In April 2017, Melgen was convicted of stealing $73 million from Medicare by persuading elderly patients to undergo excruciating tests and treatments they didn’t need for diseases they didn’t have. His defense attorneys, Kirk Ogrosky and Matthew Menchel, lost an appeal of his conviction last July and were proceeding with a final bid for relief before the U.S. Supreme Court.

Melgen was found guilty of 67 counts, including healthcare fraud, submitting false claims and falsifying records in patients’ files. Prosecutors showed that between 2008 and 2013, he became the nation’s highest-paid Medicare doctor, building his practice by giving elderly patients unnecessary eye injections and laser blasts on their retinas.

In addition to prison time, Melgen was also ordered to pay $42.6 million in restitution to Medicare.

Department of Justice prosecutors originally anticipated that Melgen’s conviction on Medicare fraud charges would aid their subsequent prosecution of Sen. Menendez, who, along with Melgen, was tried in November 2017 on public corruption charges, but that expectation never materialized.

Shortly after his 2015 indictment, Sen. Menendez hired high powered Washington attorney Abbe Lowell, who immediately went on the offensive, as Breitbart News reported:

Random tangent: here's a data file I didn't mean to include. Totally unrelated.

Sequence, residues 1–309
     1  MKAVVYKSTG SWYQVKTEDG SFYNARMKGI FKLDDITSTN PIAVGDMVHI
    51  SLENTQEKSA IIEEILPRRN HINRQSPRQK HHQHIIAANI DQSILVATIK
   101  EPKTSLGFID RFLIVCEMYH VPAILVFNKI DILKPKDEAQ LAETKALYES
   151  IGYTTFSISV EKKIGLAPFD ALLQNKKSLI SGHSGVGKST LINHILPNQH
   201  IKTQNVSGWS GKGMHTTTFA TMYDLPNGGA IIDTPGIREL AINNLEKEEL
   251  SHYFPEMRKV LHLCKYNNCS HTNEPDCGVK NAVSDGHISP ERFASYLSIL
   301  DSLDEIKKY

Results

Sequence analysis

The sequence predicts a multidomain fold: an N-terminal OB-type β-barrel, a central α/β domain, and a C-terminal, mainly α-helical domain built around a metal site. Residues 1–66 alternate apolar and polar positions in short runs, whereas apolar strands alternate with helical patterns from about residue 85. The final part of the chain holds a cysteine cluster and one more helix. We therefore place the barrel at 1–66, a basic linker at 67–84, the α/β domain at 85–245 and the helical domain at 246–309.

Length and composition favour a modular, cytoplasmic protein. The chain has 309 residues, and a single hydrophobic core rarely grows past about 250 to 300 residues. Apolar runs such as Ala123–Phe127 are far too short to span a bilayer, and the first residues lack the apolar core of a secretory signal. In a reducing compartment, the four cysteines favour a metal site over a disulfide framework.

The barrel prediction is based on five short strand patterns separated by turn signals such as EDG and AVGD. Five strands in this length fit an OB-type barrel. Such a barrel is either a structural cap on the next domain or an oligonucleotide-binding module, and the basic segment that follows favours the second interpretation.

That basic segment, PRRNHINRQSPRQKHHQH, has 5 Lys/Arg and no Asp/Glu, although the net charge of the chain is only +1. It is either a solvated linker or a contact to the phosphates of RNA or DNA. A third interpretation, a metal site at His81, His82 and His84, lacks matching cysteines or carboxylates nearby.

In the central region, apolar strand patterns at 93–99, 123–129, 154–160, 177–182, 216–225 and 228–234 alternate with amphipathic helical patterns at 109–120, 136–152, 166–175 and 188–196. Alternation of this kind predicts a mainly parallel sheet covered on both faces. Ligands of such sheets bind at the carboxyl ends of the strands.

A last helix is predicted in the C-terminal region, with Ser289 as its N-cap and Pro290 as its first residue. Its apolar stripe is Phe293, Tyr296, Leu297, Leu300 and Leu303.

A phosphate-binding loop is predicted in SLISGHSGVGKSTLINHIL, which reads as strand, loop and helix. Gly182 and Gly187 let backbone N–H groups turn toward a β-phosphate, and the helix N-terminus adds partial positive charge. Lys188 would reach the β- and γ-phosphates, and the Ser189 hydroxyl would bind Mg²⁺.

Robert Menendez’s powerful Washington attorney, Abbe Lowell, is going after the integrity of Department of Justice prosecutor Peter Koski in a 400-page document filed with the Federal Court in New Jersey. That’s where Menendez and his good friend and financial contributor Dr. Salomon Melgen are set to be tried on charges of public corruption.

Lowell, a partner at the prestigious Arnold & Porter law firm, took a page from Menendez’s political spin operation and introduced it to the legal system on Monday when he asserted in the filing that Koski “presented false testimony from an FBI agent to the grand jury hearing the case.” . . .